The holistic affirmation of the goodness of creation and the importance of “this worldly” justice is not a substitute for heaven, as if the holistic gospel was a sanctified way to learn to be a naturalist. To the contrary, it is the very transcendence of God—in the ascension of the Son who now reigns from heaven, and in the futurity of the coming kingdom for which we pray—that disciplines and disrupts and haunts our tendency to settle for “this world.” It is the call of the Son from heaven, and the vision of the New Jerusalem descending from heaven, that pushes back on our illusions that we could figure this all out, that we could bring this about. Shalom is not biblical language for progressivist social amelioration. Shalom is a Christ-haunted call to long for kingdom come.
2. Art and agendas
This piece by Alissa Wilkinson (@alissamarie), English professor and film critic, is a must-read (so I hope you’ll pardon the excessively long excerpt I felt compelled to include here):
If you want to play in the big leagues as an artist, you’ve got to know what you’re getting into, and know your genre, which means maybe it’s more important for the church to be forming good Christians, who can then make art and policies and syllabi according to what they know from their years of experience, rather than asking them to work in service of an idea, and it’s possibly most important for the church to be cultivating good watchers and good listeners and (maybe I’m biased) good critics—people who not only know that, for instance, the very celebrated and prolific contemporary writers Wendell Berry and Donald Hall have both written extensive poems on marriage, but who are also willing to pull those poems out and read them aloud at dinner parties or in churches; who are able to watch Modern Family and thoughtfully discuss it with their families, and who get what’s going on in Mad Men and Breaking Bad too; who know that the priest character in Colum McCann’s award-winning Let the Great World Spin is as important to religious literature as any kindly priest in another book; who are capable of citing one contemporary artist or writer whose work is as meaningful as anything the Inklings ever did.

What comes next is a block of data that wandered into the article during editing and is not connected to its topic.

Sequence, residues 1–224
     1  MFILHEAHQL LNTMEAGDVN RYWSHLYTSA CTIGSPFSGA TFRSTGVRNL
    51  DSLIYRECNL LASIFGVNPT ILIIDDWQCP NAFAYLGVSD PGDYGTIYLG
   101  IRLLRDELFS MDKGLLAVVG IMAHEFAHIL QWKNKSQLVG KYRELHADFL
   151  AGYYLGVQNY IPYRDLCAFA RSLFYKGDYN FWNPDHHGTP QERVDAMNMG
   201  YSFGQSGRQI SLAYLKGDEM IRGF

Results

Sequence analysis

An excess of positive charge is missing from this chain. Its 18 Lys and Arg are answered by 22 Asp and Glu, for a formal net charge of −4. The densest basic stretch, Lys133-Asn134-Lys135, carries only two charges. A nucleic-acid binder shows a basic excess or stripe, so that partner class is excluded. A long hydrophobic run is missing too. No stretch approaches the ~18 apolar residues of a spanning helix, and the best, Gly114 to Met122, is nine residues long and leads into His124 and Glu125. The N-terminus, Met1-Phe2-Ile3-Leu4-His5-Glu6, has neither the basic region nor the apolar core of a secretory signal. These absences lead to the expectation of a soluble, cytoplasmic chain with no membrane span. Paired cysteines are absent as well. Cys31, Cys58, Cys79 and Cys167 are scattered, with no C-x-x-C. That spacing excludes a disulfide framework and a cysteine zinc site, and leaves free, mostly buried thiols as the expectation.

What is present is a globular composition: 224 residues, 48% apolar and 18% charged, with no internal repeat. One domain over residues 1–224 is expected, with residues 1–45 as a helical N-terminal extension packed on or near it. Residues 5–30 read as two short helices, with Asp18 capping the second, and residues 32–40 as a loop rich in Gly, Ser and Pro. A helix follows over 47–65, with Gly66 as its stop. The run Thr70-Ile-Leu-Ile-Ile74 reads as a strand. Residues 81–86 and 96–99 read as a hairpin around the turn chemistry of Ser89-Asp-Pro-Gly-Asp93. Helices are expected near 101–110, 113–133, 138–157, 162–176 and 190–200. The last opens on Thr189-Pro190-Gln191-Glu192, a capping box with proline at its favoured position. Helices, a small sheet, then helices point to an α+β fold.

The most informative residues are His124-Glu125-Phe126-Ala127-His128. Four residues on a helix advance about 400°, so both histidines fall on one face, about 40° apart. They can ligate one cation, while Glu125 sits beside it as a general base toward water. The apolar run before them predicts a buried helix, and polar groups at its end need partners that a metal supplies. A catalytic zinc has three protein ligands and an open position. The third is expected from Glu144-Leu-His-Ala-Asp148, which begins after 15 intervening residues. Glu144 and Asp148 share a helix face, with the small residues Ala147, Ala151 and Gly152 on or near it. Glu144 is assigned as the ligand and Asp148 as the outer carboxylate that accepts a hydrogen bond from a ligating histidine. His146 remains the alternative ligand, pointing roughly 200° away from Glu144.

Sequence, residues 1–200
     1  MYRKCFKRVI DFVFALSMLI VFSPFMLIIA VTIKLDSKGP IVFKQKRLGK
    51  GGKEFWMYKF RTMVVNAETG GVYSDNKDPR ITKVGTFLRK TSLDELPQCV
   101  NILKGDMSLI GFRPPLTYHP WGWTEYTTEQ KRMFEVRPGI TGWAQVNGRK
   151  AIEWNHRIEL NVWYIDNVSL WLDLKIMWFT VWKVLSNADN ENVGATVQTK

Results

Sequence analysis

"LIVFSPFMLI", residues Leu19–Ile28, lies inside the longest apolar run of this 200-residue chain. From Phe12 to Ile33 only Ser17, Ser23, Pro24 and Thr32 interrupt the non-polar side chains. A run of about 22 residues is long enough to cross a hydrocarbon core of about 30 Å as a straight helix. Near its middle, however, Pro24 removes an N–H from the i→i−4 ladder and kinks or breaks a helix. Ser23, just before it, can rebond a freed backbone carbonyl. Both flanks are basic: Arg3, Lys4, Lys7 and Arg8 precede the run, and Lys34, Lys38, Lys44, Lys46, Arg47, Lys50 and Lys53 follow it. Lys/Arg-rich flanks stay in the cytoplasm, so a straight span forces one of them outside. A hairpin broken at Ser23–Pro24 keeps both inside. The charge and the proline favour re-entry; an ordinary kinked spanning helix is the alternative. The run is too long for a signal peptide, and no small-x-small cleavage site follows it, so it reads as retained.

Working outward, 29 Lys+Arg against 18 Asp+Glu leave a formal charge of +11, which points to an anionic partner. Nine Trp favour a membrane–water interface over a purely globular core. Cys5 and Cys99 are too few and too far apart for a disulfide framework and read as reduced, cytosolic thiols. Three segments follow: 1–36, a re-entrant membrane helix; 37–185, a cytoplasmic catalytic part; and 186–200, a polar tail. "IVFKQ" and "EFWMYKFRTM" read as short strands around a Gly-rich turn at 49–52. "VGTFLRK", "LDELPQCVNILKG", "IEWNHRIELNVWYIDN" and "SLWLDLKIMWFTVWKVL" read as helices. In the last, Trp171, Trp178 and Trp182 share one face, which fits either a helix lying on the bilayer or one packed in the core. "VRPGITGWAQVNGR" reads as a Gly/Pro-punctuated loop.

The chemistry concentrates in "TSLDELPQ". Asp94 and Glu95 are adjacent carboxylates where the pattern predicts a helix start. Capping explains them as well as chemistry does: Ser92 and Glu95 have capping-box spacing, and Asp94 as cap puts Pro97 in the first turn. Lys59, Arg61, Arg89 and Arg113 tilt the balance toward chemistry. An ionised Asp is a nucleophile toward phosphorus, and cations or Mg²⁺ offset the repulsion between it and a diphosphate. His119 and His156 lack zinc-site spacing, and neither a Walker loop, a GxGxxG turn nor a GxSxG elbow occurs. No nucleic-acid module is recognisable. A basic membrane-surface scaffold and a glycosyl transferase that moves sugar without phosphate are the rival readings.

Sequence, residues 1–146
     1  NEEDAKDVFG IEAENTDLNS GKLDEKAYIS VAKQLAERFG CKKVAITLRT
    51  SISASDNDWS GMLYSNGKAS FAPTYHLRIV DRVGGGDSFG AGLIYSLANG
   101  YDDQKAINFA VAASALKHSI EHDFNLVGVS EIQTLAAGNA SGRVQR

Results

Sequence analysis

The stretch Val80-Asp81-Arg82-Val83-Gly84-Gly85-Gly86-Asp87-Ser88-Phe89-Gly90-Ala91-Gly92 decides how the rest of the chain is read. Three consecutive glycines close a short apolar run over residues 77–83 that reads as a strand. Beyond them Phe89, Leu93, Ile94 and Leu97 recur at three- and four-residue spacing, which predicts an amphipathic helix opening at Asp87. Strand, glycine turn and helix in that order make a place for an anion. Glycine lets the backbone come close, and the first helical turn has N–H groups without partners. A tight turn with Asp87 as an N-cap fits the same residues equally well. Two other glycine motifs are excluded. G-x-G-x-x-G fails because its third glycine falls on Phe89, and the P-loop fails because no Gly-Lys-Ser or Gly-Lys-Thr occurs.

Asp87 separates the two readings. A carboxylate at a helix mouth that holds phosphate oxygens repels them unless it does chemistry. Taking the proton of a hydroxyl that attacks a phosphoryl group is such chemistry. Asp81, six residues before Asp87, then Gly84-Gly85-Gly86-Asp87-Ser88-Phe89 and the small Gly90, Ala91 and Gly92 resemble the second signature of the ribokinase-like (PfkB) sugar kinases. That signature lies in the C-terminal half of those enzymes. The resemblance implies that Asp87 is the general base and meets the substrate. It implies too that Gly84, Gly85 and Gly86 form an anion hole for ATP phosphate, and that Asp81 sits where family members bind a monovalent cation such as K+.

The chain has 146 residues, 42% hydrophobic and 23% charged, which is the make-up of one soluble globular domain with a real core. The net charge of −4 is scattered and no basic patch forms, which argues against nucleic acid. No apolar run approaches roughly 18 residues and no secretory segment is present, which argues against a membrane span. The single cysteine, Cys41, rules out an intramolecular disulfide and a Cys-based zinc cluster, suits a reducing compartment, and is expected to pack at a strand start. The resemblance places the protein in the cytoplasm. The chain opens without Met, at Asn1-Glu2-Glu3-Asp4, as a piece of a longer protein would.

Alcohol does little harm when enjoyed in moderation. It can be a wonderful thing. But like most good things, it can become a bad thing—for individuals, for societies—when consumed recklessly and in excess. Thus it has been contested, fought, lamented and legislated against for much of its history, by almost as many as have enjoyed its pleasures.
[Image via nytimes.com]